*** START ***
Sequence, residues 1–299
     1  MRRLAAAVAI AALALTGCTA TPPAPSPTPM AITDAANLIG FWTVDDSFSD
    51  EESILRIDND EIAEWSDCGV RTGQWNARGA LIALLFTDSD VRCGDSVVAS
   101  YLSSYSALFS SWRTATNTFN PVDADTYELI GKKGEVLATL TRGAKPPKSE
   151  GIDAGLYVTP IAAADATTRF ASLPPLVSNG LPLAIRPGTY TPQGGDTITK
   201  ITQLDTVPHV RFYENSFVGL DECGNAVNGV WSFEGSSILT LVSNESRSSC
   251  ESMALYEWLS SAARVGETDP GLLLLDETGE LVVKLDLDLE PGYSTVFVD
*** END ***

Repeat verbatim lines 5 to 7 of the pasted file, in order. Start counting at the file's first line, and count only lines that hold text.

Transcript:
   151  GIDAGLYVTP IAAADATTRF ASLPPLVSNG LPLAIRPGTY TPQGGDTITK
   201  ITQLDTVPHV RFYENSFVGL DECGNAVNGV WSFEGSSILT LVSNESRSSC
   251  ESMALYEWLS SAARVGETDP GLLLLDETGE LVVKLDLDLE PGYSTVFVD